Capital Markets

Viacom May Sacrifice Credit Rating

Sumner Redstone maintains that allowing the company's debt to drop two levels may add billions of dollars for repurchases or acquisitions.
Stephen TaubJanuary 13, 2005

Viacom Inc. chairman and chief executive officer Sumner Redstone is willing to sacrifice his cherished A- rating to grow the company and boost shareholder value.

At a conference for investors and securities analysts, Redstone told the audience that he may increase his debt load, which could knock down his credit rating, to repurchase stock or make acquisitions, reported Bloomberg. He maintained that allowing Viacom’s debt to drop two levels, to BBB, may add “billions” of dollars for repurchases or acquisitions. One possibility, according to the wire service, is an expansion of Viacom’s cable-networks unit, whose sales increased 17 percent in the first nine months of 2004.

“We are now scrutinizing our A- rating,” Redstone reportedly told attendees, adding that it is higher than the rating for other media companies. “By lowering our rating, we can return more to our stockholders.” Last year, Viacom’s share price fell 18 percent.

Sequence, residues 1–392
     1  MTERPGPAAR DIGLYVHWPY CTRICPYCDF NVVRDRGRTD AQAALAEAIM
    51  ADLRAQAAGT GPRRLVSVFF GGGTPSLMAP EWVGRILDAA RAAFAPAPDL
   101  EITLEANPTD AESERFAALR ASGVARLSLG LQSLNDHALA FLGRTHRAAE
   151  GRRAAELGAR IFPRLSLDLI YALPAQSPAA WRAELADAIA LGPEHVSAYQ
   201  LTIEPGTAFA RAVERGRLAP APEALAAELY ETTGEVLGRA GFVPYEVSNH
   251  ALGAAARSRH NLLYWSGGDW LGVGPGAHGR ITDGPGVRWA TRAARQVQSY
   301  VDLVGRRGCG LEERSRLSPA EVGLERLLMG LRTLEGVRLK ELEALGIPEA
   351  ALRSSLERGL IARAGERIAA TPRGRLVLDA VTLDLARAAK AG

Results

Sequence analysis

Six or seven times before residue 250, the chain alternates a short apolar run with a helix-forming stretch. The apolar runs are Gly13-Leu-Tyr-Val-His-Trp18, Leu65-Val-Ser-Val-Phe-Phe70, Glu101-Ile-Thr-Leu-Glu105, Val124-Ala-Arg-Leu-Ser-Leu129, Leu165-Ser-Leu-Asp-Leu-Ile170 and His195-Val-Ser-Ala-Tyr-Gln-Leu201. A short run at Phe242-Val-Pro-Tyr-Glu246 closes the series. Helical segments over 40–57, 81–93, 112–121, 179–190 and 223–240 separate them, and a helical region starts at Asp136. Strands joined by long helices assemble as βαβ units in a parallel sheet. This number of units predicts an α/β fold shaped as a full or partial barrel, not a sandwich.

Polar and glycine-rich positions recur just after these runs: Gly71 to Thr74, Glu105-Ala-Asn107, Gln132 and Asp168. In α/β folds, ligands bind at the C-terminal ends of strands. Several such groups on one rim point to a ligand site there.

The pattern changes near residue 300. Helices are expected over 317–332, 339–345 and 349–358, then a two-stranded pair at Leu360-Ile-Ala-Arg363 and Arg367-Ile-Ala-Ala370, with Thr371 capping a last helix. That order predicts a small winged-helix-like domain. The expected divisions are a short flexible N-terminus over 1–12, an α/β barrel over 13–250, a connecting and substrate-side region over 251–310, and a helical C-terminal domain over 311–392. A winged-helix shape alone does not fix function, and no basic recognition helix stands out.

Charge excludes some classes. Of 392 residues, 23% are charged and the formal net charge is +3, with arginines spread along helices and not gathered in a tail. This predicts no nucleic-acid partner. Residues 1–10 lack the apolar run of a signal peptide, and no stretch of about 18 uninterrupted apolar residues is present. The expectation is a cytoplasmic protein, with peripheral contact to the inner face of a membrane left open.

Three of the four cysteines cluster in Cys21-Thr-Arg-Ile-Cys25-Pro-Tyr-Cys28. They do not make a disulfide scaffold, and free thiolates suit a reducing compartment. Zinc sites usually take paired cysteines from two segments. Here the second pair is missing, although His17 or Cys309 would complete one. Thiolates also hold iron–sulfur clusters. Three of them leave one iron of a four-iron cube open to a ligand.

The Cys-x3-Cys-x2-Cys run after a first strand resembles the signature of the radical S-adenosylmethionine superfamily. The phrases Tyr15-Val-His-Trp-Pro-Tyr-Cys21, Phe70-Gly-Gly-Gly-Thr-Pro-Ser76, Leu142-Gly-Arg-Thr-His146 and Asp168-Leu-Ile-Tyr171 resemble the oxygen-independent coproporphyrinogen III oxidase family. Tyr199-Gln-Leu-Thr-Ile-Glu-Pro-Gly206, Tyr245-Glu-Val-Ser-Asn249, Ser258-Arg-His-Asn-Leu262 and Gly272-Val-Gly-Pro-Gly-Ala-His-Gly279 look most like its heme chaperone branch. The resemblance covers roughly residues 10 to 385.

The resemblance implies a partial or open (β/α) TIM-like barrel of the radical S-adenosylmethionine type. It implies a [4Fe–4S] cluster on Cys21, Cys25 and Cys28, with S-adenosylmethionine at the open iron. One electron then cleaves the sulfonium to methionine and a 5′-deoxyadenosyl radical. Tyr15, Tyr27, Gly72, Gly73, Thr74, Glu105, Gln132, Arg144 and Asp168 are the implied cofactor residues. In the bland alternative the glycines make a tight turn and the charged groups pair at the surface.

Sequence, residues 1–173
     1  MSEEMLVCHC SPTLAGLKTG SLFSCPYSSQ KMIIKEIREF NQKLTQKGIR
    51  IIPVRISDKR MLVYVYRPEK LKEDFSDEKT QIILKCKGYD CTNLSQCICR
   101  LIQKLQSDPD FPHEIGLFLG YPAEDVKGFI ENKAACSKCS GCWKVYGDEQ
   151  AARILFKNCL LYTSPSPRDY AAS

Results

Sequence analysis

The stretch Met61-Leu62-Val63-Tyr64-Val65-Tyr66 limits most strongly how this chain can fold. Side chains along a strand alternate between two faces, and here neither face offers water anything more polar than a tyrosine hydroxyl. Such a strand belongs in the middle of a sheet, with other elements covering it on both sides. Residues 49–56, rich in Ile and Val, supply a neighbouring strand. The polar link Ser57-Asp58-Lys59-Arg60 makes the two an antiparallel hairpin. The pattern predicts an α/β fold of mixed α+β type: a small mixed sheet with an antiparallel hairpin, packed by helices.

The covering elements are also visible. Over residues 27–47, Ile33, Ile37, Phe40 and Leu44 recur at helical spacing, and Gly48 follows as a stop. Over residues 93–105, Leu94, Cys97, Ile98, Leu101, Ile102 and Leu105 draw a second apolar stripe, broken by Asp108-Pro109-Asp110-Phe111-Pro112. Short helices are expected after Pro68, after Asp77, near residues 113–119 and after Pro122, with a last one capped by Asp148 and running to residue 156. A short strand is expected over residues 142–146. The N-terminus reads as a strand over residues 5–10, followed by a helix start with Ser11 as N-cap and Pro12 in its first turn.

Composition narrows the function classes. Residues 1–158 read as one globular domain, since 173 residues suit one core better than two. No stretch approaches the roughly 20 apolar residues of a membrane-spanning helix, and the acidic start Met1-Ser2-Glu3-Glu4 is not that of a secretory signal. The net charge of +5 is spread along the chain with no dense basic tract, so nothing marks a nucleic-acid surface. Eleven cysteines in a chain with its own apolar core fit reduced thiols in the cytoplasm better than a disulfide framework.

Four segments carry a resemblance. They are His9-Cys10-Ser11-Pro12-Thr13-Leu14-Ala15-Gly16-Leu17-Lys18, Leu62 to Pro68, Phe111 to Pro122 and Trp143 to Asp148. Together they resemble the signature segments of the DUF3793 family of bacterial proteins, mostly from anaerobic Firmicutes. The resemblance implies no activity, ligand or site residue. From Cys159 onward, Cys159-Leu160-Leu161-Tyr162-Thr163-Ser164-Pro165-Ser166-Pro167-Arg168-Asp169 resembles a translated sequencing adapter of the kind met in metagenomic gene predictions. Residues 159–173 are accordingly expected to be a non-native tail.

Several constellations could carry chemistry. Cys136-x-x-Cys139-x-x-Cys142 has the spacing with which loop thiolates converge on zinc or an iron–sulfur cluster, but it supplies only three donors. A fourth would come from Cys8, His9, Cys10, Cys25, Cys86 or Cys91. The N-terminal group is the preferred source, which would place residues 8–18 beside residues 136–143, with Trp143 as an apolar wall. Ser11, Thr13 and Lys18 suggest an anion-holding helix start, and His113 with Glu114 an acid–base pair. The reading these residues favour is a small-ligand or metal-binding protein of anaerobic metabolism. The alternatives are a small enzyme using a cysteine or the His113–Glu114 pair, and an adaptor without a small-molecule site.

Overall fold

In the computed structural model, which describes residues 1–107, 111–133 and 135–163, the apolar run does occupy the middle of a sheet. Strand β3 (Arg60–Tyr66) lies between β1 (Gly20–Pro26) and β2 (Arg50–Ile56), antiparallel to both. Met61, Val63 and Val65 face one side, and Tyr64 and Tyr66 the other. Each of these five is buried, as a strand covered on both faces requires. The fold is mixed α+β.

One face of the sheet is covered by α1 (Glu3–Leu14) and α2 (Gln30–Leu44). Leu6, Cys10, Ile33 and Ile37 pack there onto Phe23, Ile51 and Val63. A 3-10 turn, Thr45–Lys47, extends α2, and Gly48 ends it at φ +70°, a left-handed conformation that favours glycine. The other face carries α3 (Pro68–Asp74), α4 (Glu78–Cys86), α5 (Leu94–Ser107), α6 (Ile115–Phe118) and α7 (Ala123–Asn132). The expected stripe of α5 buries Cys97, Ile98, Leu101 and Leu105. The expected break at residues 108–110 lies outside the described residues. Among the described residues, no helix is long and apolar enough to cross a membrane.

If the credit rating agencies lower Viacom’s debt rating, of course, all of the company’s outstanding debt issues will probably fall in price. “They have to ask the question of whether the long-term strategic goals are worth sacrificing over the short term by one or two credit levels,” said Standard & Poor’s analyst Heather Goodchild, according to Bloomberg. “Letting a credit rating slip often runs the risk of raising the cost of borrowing.”

On Wednesday, Moody’s announced that it may cut Viacom’s A3 rating — equivalent to Standard & Poor’s A- — and Fitch Ratings said it may cut the company A-minus senior unsecured debt rating, according to Reuters.

In October, Viacom announced that it would buy back $8 billion worth of shares. So far, it has repurchased more than $2 billion, Redstone reportedly said.

In other debt-underwriting news, Wal-Mart Stores Inc. announced that it launched a proposed offering of $1 billion of five-year notes. The lead underwriters are Lehman Brothers and Morgan Stanley.